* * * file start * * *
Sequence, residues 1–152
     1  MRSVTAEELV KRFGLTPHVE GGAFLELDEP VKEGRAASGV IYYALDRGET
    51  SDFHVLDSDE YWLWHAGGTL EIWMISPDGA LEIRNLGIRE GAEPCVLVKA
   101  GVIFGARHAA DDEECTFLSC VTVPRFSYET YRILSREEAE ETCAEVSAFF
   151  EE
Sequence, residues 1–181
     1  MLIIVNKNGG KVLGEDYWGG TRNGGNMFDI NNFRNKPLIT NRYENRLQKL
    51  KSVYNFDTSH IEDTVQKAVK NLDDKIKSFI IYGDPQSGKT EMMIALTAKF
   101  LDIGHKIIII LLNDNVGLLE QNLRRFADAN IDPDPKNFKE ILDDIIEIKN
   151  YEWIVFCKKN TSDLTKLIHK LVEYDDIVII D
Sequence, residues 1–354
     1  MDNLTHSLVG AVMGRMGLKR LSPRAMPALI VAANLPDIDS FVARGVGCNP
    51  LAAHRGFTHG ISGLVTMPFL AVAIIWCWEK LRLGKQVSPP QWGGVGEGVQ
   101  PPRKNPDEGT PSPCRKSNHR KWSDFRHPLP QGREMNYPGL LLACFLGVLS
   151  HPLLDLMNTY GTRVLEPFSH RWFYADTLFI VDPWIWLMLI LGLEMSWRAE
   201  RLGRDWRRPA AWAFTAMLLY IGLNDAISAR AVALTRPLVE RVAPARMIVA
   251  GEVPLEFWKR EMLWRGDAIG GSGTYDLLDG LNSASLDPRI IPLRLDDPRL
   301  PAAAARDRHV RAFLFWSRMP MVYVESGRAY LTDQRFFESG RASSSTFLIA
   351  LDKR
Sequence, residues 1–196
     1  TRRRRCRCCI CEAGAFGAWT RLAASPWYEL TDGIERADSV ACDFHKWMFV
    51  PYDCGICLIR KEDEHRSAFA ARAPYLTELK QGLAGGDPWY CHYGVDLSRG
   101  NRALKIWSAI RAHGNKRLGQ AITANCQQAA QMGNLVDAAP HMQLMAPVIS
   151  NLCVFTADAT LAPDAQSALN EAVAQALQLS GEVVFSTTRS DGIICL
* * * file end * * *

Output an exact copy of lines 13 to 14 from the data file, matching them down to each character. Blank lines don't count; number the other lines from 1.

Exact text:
    51  LAAHRGFTHG ISGLVTMPFL AVAIIWCWEK LRLGKQVSPP QWGGVGEGVQ
   101  PPRKNPDEGT PSPCRKSNHR KWSDFRHPLP QGREMNYPGL LLACFLGVLS